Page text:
Spider Veins are threadlike veins that lie close to the surface of the skin and may look like a “starburst” or web-like formation. They occur mostly on the legs and occasionally on the face or elsewhere, typically measuring less than a millimeter in diameter. This condition is a result of abnormal blood flow and the weakening of the blood vessel wall in the affected veins.
Spider veins in women can be related to hormonal fluctuations or pregnancy. Other contributing factors may include injuries, medications that affect hormones, heredity, weight gain, and sitting or standing for long periods of time.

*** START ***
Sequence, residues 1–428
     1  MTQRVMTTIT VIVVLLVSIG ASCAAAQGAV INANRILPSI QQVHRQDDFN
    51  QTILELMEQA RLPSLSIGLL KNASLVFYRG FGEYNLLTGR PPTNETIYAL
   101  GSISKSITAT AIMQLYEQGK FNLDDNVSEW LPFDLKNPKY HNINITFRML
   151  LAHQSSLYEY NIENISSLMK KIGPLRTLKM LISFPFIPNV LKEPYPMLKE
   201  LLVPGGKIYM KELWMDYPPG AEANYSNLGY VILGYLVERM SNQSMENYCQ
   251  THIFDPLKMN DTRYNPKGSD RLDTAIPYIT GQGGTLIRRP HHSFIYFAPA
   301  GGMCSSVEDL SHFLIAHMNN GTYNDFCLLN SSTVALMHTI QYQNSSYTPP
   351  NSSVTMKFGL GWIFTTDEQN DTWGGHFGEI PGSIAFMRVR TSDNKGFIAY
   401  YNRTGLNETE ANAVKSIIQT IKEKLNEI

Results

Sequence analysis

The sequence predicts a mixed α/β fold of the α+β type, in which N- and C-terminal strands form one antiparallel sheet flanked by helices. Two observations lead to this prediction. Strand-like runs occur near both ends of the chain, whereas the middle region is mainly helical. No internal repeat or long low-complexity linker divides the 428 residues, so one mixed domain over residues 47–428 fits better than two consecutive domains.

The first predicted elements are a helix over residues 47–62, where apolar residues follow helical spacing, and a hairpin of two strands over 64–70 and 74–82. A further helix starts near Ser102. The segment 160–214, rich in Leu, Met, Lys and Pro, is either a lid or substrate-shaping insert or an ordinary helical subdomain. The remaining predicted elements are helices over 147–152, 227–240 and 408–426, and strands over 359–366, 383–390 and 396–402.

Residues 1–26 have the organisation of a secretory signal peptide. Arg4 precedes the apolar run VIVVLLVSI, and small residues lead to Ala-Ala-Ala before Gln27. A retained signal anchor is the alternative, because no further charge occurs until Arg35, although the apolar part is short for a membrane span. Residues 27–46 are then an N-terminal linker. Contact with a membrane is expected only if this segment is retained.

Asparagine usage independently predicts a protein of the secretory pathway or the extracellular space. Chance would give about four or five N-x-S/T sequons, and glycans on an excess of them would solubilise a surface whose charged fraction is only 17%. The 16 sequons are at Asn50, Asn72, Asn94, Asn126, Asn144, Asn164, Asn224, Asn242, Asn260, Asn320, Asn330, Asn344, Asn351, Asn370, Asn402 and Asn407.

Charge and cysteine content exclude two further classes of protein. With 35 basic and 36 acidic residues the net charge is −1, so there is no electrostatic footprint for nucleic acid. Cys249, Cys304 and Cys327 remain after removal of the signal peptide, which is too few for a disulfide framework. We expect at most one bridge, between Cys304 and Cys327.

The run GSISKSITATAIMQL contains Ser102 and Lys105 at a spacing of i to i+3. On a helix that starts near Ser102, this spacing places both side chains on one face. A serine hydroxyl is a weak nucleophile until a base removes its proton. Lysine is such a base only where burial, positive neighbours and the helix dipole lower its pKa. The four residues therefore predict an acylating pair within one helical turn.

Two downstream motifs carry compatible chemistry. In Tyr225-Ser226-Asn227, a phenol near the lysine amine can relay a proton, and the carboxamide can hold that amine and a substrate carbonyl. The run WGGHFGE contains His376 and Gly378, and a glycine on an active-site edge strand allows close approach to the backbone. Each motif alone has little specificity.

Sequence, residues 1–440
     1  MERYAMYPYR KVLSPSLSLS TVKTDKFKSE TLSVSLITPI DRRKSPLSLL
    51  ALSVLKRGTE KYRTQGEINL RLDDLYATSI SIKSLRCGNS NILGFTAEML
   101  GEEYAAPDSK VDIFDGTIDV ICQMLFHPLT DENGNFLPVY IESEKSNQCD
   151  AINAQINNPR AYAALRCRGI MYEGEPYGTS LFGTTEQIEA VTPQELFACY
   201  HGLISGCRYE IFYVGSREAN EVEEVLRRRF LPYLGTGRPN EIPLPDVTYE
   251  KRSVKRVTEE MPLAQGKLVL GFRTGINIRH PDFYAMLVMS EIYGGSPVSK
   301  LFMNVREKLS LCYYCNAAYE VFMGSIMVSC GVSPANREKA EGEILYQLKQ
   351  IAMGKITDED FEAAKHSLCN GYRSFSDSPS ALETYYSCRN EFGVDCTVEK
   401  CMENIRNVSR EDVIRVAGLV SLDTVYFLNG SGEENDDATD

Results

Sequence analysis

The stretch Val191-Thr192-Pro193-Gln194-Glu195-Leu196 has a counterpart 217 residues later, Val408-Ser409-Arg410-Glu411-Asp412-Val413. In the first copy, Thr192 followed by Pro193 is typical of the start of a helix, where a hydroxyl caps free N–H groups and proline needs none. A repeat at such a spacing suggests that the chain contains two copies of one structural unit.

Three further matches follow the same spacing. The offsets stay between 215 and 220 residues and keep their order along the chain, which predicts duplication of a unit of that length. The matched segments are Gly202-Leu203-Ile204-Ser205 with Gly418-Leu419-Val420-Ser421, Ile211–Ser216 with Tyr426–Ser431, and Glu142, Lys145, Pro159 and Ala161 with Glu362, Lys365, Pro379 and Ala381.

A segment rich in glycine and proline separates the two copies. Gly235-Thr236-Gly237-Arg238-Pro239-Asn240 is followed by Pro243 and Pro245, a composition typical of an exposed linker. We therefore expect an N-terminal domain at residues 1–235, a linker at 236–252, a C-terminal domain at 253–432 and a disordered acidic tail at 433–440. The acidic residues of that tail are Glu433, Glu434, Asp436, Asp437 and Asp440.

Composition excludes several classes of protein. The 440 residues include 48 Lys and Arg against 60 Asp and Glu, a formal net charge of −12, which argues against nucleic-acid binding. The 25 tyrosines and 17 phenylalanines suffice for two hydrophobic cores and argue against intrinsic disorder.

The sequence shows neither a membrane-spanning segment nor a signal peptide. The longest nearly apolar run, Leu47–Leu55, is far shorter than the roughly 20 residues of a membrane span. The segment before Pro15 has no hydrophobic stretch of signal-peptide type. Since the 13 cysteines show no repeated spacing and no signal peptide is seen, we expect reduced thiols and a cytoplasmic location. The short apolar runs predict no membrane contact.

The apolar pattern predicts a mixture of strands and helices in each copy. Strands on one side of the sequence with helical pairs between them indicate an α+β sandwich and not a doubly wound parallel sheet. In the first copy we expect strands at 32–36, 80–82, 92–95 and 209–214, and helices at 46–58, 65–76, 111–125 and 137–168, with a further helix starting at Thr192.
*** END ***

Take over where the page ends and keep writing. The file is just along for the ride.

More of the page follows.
Spider vein treatment can dramatically improve the appearance of the affected area, providing a more youthful, healthy look. For some, treatment may alleviate problems with restless legs, aching, burning, and/or cramps.
Varicose veins can occur due to a number of factors including age, hormones, pregnancy, history of DVT, or family history of varicose vein disease. Spider veins on the other hand typically appear as small clusters that have no pain or bleeding associated with them.
Varicose veins and spider veins also differ in the way they are treated.
Note that vein treatments are not always 100% effective, so spider veins may return after some time. Sclerotherapy often times does not work well with spider veins because of their small size. It's important to consult with your doctor about the limitations of treatment.
Sclerotherapy is a treatment that includes injection of a sclerosing solution to varicose veins and spider vein areas in order to block the lymphatic system from returning blood through them, causing clots over time.